A third of Muslim university students believe killing in the name of religion can be justified, a survey has revealed.
A study on the attitudes of students has found that 28 per cent said killing could be justified if the religion was under attack and another four per cent supported killing in order to "promote and preserve" the religion.
Over half, 53 per cent, said killing in the name of religion was never justifiable but among non-Muslim students that figure was 94 per cent.
While most students showed a typical generation gap where their parents were more religious than they were – 72 per cent – a significant 18 per cent said they were more strict in their religious observance than their parents.
The importance of sharia law to most Muslim was underlined by the 40 per cent who said they supported its introduction into law for Muslims in Britain, although 37 per cent opposed it.
A third of those surveyed supported the creation of a worldwide Muslim caliphate but 25 per cent opposed it and 42 per cent said they were not sure.
Half of the students said they would not be supportive of a friend who wanted to leave Islam.
Hannah Stuart, from the Centre for Social Cohesion, co-author of the report, said: "These findings are deeply alarming. Students in higher education are the future leaders of their communities yet significant numbers of them appear to hold beliefs which contravene liberal, democratic values.
"In addition there are signs of growing religious segregation on campus. These results are deeply embarrassing for those who have said that there is no extremism in British universities."
There are 90,000 Muslims among Britain's 2.3 million students in high education and the online survey asked 600 Muslims and 800 non-Muslims for their views on the religion.
Radicalisation among students has been a problem since the 1990s, with three of the July 7 bombers having attended university, along with most of the gang which planned a fertilizer bomb attack on the Bluewater shopping centre and the Ministry of Sound night club.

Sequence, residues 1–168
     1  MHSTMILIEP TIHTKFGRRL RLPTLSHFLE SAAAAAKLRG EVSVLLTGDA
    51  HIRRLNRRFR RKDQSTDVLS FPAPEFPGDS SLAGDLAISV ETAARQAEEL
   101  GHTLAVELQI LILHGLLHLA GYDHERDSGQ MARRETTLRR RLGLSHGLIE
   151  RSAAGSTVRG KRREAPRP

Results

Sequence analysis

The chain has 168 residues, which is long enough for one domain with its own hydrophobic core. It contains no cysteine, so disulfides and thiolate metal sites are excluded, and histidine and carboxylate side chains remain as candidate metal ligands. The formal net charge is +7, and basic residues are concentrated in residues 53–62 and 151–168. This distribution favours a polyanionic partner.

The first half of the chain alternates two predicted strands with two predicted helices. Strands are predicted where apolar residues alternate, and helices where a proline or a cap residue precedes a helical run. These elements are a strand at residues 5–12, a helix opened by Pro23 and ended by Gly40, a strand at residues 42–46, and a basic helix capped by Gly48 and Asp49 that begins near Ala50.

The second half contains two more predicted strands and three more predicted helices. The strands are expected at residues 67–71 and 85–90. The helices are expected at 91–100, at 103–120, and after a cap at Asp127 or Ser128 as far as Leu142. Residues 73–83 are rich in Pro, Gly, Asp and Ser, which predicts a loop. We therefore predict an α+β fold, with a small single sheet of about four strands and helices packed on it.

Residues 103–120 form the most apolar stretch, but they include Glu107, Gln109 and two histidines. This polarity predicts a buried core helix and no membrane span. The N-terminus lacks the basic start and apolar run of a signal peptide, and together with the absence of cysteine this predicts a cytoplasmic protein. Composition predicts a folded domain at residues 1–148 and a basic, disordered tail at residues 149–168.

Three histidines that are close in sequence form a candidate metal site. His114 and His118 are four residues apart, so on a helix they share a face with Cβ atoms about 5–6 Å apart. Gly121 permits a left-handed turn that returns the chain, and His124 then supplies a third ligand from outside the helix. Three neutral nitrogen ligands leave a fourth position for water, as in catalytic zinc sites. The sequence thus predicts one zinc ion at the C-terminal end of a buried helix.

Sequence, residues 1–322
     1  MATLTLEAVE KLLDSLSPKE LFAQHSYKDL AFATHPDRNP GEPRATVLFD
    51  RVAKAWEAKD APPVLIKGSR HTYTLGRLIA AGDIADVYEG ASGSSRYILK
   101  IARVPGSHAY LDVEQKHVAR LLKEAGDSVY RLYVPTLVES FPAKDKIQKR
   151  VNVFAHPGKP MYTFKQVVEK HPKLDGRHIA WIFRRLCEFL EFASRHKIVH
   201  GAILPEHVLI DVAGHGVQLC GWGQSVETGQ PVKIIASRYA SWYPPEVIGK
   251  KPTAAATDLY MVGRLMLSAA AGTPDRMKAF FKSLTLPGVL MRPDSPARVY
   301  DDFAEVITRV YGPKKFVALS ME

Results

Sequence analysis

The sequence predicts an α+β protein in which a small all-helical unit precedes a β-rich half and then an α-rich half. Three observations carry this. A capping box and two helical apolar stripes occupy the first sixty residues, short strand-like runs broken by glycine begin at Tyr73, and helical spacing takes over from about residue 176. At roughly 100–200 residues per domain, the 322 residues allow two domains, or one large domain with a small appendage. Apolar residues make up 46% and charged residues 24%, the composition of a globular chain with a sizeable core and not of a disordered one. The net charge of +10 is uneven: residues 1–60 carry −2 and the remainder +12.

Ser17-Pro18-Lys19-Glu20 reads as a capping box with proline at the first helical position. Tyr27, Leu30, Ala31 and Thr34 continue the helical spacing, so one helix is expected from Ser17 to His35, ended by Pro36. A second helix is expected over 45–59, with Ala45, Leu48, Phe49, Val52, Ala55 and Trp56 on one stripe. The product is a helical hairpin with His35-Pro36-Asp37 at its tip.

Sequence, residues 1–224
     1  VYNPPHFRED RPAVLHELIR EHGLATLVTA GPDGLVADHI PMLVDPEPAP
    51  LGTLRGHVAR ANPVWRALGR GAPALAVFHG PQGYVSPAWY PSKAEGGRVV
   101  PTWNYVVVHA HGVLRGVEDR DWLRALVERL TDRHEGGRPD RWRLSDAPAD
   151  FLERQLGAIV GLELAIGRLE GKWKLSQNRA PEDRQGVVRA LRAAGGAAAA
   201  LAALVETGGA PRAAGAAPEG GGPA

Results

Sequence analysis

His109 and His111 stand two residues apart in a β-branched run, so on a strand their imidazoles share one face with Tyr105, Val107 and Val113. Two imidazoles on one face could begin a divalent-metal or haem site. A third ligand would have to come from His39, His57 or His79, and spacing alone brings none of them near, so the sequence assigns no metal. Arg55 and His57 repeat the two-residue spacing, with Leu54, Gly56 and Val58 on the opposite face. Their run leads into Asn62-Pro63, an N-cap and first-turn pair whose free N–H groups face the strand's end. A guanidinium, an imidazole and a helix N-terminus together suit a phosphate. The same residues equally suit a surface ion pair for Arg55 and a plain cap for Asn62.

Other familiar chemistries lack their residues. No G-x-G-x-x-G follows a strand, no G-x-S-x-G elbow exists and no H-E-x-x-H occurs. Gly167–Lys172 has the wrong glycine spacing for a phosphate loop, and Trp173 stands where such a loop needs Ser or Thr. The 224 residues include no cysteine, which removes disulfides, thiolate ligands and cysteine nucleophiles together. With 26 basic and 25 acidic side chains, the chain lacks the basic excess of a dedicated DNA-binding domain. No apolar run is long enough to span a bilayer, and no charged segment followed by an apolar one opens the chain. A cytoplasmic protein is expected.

Ahmed Omar Sheikh, convicted of the kidnap and murder of the journalist Daniel Pearl, was a former student at LSE and Waseem Mughal, convicted of running a website for al-Qaeda in Iraq, was a former biochemistry student at Leicester University.
Mughal was a member of the university Islamic society, and the fertilizer bomber Jawad Akbar attended Islamic society meetings at Brunel University, while Yassin Nassari, convicted of smuggling plans for a Qassam rocket into Britain, was president of the University of Westminster's Islamic society at its Harrow campus in Northwest London.
The Government has attempted to encourage lecturers to report students they suspect of radical behaviour but the University and College Union has refused to do so.
A quarter of those surveyed were members of their Islamic society – compared with six per cent for other faiths - but only a third said the societies promoted interfaith activities.
Over a third of students said they used the campus prayer room regularly and 42 per cent said they regularly attended Friday prayers, although only a small proportion attending prayers were female.
None of the students admitted to being gay or lesbian and 25 per cent said they had little or no respect for others who were.
When it came to wearing the hijab or headscarf, 59 per cent said it was important, with more women than men agreeing, but 31 per cent said it was not and 10 per cent said they were not sure, with more men than women being uncertain.
A quarter of students said men and women were not equal in the eyes of Allah and seven per cent were not sure, with more women than men feeling unequal.
By contrast 76 per cent of non-muslim believed that men and women were not equal in Islam.
Nearly half of women and 36 per cent of men believe that the "free mixing" of sexes is not acceptable, while nine per cent of women and 17 per cent of men are unsure.
Despite their adherence to religion it did not stop most Muslim from mixing with other religions – 37 per cent said they had friends at university from all sorts of different backgrounds and 38 per cent said religion was not an issue when choosing friends and only eight per cent said most of their friends at university were Muslim.
More than two thirds of the students said Islam was compatible with the Western notion of democracy, and only 13 per cent said it was not, although 19 per cent were not sure.
Half of non-Muslim students thought the two were incompatible.
Three quarters of the students also said that it is possible to be both Muslim and British equally, although only three per cent said being British came first. Nearly half said they were not bothered whether they married a British partner or not.
On the other hand 57 per cent of the students said Muslims serving in the armed forces should have the right to opt out of the army if they are required to fight in Muslim countries and 25 per cent said they were not sure.
The National Union of Students said: "We know there is concern about the serious issue of violent extremism on campus, but there is a wealth of evidence to show that this is not widespread. This report actually undermines cohesion and the joint efforts of students, institutions and government in tackling violent extremism."
From UK Telegraph